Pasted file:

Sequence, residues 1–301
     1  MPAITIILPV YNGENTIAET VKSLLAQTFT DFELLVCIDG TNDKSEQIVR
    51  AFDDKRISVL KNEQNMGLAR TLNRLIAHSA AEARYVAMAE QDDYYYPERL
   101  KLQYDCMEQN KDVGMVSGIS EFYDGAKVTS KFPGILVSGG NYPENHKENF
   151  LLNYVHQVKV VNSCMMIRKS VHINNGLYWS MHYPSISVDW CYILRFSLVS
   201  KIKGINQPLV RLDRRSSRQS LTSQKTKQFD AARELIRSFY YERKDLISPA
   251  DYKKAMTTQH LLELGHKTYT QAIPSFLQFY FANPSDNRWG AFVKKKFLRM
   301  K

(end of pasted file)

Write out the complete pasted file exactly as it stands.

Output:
Sequence, residues 1–301
     1  MPAITIILPV YNGENTIAET VKSLLAQTFT DFELLVCIDG TNDKSEQIVR
    51  AFDDKRISVL KNEQNMGLAR TLNRLIAHSA AEARYVAMAE QDDYYYPERL
   101  KLQYDCMEQN KDVGMVSGIS EFYDGAKVTS KFPGILVSGG NYPENHKENF
   151  LLNYVHQVKV VNSCMMIRKS VHINNGLYWS MHYPSISVDW CYILRFSLVS
   201  KIKGINQPLV RLDRRSSRQS LTSQKTKQFD AARELIRSFY YERKDLISPA
   251  DYKKAMTTQH LLELGHKTYT QAIPSFLQFY FANPSDNRWG AFVKKKFLRM
   301  K